The Mennonite brethren may be known for their barn raising, but in the summer of 1975, four Manitoba brothers gained notoriety for an old farmhouse razing.
The farmhouse, along the main entrance to Basswood, and just off the Yellowhead Hwy., was a perfect spot for villagers to witness the destruction. In fact, we could have rented lawn chairs, peddled sodas, and sold hotdogs to curious locals.
This story began five years earlier when Mom and Dad bought out elderly neighbours. Their 250 acres squeezed between our land and the hamlet. So Dad just made a few “cuts” through the overgrown road allowance, and we had great access to the new addition. Handy.
The couple negotiated with Mom and Dad to remain in their modest farmhouse. My parents gladly granted them that privilege.
Their farm matched ours: rolling hills, a big lake in the middle, and it bordered the Yellowhead Highway to the north. However, just west of Basswood was a notch cut out for the cemetery.
Dad made cemetery jokes like, “Why are there fences around cemeteries? People are just dying to get in.” Huummm. Not that funny to us youngsters.
The land addition was ordinary, but it had two small tracts north across the Yellowhead. That meant we could “show off” by hauling big hayrack loads through Basswood, often to Dad’s annoyance. Those power lines sag lowly, he observed.
In July of 1972, this story endured a tragedy. The elderly folks perished in a car accident northeast of Erickson. Dad mentioned loose gravel and an obscured intersection as the culprits. Sad news. Mom and Dad had enjoyed the company of this “adopted” couple, visiting them for conversation and coffee. The farmhouse warmth had welcomed them in many times.
Three years later, after we completed the haying in early August, our parents announced they were going to tear down the old house, “before the rodents could take over completely,” I remember Mom saying. Fair enough.
Older brother David had just obtained his driver’s licence and he could legally drive our blue pickup through Basswood. My older sisters had recently graduated from high school and had moved west to Alberta. The house destruction assignment fell to us four brothers, aged 10 to 16.
Mom and Dad immediately planned a week-long vacation. They had heard of wild blueberries in the Swan River/Minetonas area and they wanted to scout them and pick. Dad did mention that he expected to see work done when they returned.
Mom reminded us to “Be careful!” and to “Be kind to one another.”
On Monday, we went to the house and started pulling nails. And we had a revelation. This was more fun than it was work.
I suppose most young boys have a destructive urge. This may have been the ultimate manifestation. Wreck this house and we’d receive praise instead of retribution. Upside down, yes – but crazy good.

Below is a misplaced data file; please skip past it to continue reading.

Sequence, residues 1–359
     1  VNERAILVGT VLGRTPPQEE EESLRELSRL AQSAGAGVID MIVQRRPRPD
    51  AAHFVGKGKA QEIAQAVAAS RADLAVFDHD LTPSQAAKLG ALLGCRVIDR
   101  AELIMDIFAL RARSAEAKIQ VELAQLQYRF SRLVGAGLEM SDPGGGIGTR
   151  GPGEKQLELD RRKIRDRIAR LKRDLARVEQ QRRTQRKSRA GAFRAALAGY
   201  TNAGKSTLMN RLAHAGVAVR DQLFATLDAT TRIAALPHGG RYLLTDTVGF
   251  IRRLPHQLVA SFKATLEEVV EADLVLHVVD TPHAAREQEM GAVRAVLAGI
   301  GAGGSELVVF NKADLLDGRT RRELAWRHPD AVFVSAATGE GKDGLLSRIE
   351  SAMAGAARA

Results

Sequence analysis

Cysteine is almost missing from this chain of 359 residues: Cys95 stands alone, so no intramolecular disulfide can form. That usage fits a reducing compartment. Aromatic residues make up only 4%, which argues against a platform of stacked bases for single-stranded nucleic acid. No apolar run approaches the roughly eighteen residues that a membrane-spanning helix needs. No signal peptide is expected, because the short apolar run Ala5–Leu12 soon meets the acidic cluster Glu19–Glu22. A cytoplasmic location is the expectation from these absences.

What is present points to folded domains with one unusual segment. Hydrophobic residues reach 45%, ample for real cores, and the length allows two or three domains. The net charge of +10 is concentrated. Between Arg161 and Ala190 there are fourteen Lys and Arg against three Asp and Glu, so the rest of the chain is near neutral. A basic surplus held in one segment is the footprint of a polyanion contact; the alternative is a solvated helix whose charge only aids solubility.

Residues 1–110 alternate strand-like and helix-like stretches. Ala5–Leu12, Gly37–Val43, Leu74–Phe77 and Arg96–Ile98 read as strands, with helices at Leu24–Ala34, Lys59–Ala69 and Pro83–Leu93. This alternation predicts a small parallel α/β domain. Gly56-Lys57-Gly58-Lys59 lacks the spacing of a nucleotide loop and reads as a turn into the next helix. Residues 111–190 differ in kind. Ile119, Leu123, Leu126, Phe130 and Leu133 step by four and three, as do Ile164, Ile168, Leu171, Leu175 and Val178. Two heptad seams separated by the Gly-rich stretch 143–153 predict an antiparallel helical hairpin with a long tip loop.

The humble house was maybe only 800 ft. sq. on a main floor and had an attic. In the space of a long day, we had the roof stripped off. We even cleaned and stacked the used lumber.
In the days that followed, the walls yielded their wood-shavings insulation, their slat-board plaster, and we pulled up the linoleum floors. We tossed it all into the empty basement.
When the parents came home (with blueberries for jam), not only had we kept up with the chores, Dad claimed we had made great progress on demolition. And Mom noted that while she had heard vague reports of quarrels, the older brothers had not bullied the younger ones. That was the progress she wanted.
The poor lady’s kitchen was in shambles though. We lived on jam sandwiches, raw carrots, and gluey macaroni. Plus, we let the dishes pile up. The demolition was a higher calling, we decided.
For the next three weeks, and mainly without Dad there, we kept at it. You could say we acted out episodes of TV’s “This Old House” in reverse – wrecking things, not fixing them. We were wanton junior carpenters run amok.
If we broke a light fixture, big deal! We tore out windows and threw the whole frames into the basement with a loud smash. And we hung from cupboard handles until the whole door broke loose. We knew Dad would pack down the debris with his heavy 955 Caterpillar track loader, cover it with dirt, and then scatter brome grass/alfalfa seed. Who would be the wiser come spring?
We had little aggression left when school began again in September. Who were these four mild Basswood farm boys? Instead of placing rivals in headlocks on the bus, we’d just as soon read them poetry.
We salvaged most of the lumber and hauled it home. After the harvest, Dad started two modest projects: a lean-to shed for the mix-mill and tractor, and a smaller garage-type structure for the hay baler and for his brand new sickle mower.
The bonus for Dad was that he now had four experienced sons who knew how to use a gooseneck wrecking bar, a hammer, and other carpentry tools. I’m sure he smiled as he fitted a board and a chorus of hammers nailed it down. The buildings weren’t fancy – gravel floors, a few rafters were 2x4s spliced together – but the shelters were practical and sturdy against Manitoba rains, winds and winters.
A year later, we brothers built a classic white picket fence around Mom’s garden using more reclaimed lumber from the old house. She was thrilled.
In a familiar almost comforting way, the old boards from the old house now had new life.
In a few years, David left home and began to apprentice as a carpenter in Alberta (and he became a journeyman). I worked through four college summers building and renovating houses. My younger brothers, Tim and Ron, have successfully tackled home fix-it projects.
Perhaps we could credit all that to lessons learned from that razed farmhouse. And if not, we sure had fun anyways.
Mark Kihn writes of his Manitoba memories from his home in Calgary.